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RE: The "title" attribute of "style" elements

From: Chris Wilson <cwilso@MICROSOFT.com>
Date: Thu, 4 Nov 1999 12:54:19 -0800
Message-ID: <C35556591D34D111BB5600805F1961B90C311CBF@RED-MSG-47>
To: "'Ian Hickson'" <py8ieh=mozilla@bath.ac.uk>, www-html@w3.org
Cc: www-html-editor@w3.org, Dave Raggett <dsr@w3.org>, lehors@w3.org, ij@w3.org
Ian Hickson [mailto:py8ieh@bath.ac.uk] wrote:
>Would it be a valid (if 'progressive') interpretation of the spec to
>treat the "title" attribute of the "style" element in much the same
>way as the "title" attribute of the "link" element is treated when
>used with stylesheets?

Yes it is valid, but not in the manner you suggest.  Your note about this
not being "100% backwards compatible" understates the issue:

>[Note that this is not 100% backwards compatible, since in HTML 4.0
>browsers all the style elements, even those with title attributes,
>will get used, whereas if using this proposal only the first will. I
>suggest that this is a very minor detail since very few documents ever
>include more than one style element anyway, let alone style elements
>with title attributes.]

In fact, the HTML 4.0 spec does not explicitly state that multiple LINKed
preferred stylesheets (that is, REL="stylesheet" and a given TITLE) are not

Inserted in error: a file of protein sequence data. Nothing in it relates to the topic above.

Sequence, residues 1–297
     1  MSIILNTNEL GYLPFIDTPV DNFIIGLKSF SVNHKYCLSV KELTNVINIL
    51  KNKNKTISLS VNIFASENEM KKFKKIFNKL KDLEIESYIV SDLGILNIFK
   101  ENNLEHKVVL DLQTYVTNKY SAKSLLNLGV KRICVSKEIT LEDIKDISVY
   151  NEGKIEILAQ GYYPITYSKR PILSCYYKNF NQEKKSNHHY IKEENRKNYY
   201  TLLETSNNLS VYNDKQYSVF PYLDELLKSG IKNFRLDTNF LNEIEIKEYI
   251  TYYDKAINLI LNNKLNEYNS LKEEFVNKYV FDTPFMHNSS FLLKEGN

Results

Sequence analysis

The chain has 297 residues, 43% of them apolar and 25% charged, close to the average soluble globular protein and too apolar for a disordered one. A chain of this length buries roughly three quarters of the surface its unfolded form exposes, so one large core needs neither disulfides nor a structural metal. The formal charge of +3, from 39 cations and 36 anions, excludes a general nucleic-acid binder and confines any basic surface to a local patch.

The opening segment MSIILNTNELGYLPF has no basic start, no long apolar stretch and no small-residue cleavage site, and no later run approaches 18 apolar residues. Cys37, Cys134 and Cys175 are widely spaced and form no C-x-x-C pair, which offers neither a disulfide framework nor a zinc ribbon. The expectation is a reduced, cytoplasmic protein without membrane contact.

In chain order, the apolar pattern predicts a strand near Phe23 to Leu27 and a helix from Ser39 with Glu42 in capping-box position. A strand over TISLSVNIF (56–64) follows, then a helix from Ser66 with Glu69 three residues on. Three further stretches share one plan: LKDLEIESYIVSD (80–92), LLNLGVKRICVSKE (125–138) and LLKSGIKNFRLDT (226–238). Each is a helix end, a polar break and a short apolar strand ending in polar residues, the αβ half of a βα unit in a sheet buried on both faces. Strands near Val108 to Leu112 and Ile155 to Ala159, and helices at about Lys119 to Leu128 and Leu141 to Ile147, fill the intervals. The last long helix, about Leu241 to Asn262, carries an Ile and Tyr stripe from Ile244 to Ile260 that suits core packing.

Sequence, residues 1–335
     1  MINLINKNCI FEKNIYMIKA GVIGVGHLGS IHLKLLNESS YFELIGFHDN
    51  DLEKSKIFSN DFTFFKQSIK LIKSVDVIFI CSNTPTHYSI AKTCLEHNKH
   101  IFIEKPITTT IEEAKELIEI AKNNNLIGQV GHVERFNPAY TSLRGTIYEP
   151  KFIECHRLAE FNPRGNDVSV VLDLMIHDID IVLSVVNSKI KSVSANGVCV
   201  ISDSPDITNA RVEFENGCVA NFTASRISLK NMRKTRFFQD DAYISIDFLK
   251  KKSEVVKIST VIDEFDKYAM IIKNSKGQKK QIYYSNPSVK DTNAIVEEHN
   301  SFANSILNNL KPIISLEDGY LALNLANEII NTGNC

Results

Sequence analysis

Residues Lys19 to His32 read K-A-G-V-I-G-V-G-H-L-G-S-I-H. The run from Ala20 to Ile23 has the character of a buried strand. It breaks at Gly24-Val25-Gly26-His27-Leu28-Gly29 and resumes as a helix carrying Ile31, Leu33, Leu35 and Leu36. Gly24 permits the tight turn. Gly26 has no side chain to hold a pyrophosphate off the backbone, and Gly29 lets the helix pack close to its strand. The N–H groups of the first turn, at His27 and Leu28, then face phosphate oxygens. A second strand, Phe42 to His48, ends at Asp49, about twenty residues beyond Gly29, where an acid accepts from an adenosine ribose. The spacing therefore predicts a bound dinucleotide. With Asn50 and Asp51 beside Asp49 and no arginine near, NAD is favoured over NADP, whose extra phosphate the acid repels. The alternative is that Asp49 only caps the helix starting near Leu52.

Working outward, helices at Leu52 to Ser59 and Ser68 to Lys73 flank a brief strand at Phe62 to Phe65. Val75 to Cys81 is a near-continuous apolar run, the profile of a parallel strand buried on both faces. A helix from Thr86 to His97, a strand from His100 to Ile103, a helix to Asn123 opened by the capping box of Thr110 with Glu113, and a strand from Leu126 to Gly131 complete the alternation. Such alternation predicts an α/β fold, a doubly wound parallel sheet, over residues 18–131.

all to be applied on load.  That's what happens in IE since 4.0, and I
believe Navigator 4.x as well (haven't checked Mozilla).  Preferred LINKed
stylesheets are always applied on load, even if there are multiple TITLE
values among those applied.  Only by setting the RELationship to "alternate
stylesheet" can you keep the stylesheet from being automatically applied.  A
STYLE element functions like a LINK with a REL of "stylesheet", not one of
"alternate stylesheet".  Otherwise, how would you make a preferred embedded
stylesheet?

In addition, as someone who spends a large percentage of his time digging
through other people's HTML and stylesheets investigating bugs, I guarantee
you there are a VERY large number of documents that include more than one
STYLE element.

As an implementer with a long history with CSS stylesheets, and a large
backwards compatibility issue, I would strongly object to changing this.  If
you want to add the ability to embed alternate (as opposed to preferred)
stylesheets, then I suggest adding some mechanism like a DISABLED attribute
on the STYLE element - which, curiously enough, was in IE 4.0.  :^)  Mostly
as an accident; we put in the object model, and forgot to turn off the
attribute support.

-Chris Wilson
Received on Thursday, 4 November 1999 16:06:51 GMT

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